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Frustrated community leader: So. Norwalk uncertain about development

Corrine Weston of the Sono Alliance talks about South Norwalk Monday.

NORWALK, Conn. – South Norwalk residents have mixed feelings about a developing plan for a major project in their midst, according to one community activist.

Corrine Weston of the Sono Alliance agrees with others that Washington Village, a Norwalk Housing Authority project that was built in the 1940s, needs to be razed and rebuilt. But she’s concerned about the plan’s specifics.

“The people who are in Washington Village don’t like it at all because they’re afraid they will not be able to come back,” she said. “The people that are around in the area love the idea because to them, it’s going to build up, it’s going to be nicer and everything. Then we have people that are really outside of the area, and are on the perimeter, and they’re just taking that wait-and-see kind of look and saying, really, how is that going to benefit South Norwalk in the scheme of things?”

Weston made the comments at Monday’s meeting of the Coalition of Norwalk Neighborhood Associations. Members suspect that none of the current residents will come back to Washington Village after moving out in advance of demolition.

Weston agreed. “They know that if certain things are in play they will not come back. A lot of them are saying, ‘once I move out and five years go by, why would I want to come back?’” she said.

Only 26.6 percent of Washington Village’s current residents are committed to staying there, according to a survey published on the Norwalk Housing Authority website.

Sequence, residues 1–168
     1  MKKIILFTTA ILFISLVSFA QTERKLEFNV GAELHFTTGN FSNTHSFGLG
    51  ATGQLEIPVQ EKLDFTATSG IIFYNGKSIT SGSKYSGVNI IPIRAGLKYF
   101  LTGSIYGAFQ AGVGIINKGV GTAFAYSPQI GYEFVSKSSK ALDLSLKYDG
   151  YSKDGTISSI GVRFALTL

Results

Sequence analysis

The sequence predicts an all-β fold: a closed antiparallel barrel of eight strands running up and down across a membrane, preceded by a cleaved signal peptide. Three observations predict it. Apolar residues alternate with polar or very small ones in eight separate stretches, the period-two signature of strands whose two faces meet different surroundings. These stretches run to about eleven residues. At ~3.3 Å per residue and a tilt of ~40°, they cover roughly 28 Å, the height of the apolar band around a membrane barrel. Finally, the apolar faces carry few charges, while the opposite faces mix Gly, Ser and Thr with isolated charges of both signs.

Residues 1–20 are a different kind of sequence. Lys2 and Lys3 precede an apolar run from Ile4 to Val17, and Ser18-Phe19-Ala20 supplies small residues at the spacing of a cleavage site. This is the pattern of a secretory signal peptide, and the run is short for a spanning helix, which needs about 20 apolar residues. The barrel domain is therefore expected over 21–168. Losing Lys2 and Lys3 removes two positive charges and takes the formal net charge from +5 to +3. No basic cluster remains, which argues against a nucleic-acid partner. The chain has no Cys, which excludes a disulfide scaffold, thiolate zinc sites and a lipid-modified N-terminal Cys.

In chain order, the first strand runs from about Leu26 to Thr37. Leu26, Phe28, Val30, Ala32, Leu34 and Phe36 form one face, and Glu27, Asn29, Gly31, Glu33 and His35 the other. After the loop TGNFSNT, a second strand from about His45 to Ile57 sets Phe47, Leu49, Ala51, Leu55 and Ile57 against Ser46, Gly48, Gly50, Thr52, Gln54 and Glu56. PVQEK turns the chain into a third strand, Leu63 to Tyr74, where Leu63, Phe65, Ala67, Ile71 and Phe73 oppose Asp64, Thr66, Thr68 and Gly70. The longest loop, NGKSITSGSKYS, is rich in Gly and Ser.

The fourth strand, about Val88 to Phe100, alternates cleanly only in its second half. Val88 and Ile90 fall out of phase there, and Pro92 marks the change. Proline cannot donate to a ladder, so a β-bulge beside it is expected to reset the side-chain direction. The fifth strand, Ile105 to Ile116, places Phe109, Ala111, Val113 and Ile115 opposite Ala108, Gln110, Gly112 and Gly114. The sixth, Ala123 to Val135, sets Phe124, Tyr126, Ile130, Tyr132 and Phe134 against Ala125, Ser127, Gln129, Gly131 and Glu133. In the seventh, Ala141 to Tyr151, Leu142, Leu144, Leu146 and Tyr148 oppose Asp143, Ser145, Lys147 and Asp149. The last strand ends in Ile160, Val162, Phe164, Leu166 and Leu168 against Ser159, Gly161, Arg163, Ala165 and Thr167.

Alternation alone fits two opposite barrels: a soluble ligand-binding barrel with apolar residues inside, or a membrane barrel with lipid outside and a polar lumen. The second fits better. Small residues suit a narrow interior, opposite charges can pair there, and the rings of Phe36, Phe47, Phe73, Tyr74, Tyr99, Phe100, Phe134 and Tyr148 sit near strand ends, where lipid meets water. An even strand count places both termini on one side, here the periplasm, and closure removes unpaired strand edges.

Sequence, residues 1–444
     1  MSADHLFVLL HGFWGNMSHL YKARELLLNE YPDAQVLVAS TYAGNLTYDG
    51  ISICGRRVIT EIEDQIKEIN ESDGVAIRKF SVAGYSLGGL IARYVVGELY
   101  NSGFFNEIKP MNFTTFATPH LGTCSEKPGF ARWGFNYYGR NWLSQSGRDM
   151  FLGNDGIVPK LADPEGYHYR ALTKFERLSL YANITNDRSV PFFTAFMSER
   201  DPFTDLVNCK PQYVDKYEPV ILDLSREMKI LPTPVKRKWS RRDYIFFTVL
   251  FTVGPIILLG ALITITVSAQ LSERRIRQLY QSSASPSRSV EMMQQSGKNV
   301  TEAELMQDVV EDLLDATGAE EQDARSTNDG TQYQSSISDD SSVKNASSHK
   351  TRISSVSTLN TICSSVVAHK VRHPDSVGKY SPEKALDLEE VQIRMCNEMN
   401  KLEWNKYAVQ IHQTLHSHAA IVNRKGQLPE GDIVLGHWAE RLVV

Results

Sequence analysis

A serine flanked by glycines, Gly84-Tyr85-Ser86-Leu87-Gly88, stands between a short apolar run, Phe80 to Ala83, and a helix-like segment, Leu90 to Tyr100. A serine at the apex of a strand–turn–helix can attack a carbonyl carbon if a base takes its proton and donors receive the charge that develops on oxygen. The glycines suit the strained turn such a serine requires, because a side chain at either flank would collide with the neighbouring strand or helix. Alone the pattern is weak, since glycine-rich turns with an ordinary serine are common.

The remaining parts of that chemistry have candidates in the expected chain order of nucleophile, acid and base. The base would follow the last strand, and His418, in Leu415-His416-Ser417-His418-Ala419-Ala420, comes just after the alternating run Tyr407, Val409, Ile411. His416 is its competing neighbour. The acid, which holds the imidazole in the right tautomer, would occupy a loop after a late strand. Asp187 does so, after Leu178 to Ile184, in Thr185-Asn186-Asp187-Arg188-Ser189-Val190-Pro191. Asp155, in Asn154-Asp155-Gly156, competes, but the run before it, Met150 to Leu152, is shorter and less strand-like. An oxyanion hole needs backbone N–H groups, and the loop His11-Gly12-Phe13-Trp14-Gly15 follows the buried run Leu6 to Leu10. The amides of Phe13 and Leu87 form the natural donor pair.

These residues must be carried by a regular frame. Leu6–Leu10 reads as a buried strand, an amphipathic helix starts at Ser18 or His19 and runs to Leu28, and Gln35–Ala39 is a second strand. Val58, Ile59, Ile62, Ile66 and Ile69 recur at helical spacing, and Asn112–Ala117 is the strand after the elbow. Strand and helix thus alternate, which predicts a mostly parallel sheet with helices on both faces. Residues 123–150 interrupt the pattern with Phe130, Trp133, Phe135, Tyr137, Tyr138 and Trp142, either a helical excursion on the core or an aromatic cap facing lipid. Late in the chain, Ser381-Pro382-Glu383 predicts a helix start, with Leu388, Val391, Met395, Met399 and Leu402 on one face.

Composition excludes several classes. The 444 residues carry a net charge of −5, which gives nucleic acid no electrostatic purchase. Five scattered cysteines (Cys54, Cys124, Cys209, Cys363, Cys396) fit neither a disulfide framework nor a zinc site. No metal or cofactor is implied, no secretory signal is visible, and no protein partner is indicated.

Weston is frustrated that the Sono Alliance has not been kept in the loop, as many informational meetings have taken place without the group being informed. She said the people who need the information are not getting it.

“Even the people who do not live in Washington Village are getting a conflicting story,” she said.

Comments

One response to “Frustrated community leader: So. Norwalk uncertain about development”

  1. Diane C2

    Ms. Weston raised interesting and valid points at the meeting, and I agree with her. The fact is that the Housing Authority has engaged a very small and limited number of people, who they alone have identified as stakeholders, and the balance of the city has been excluded from this process.
    The proposal to revitalize SONO and Washington Village is a matter for consideration by EVERY resident and tax payer in this city.

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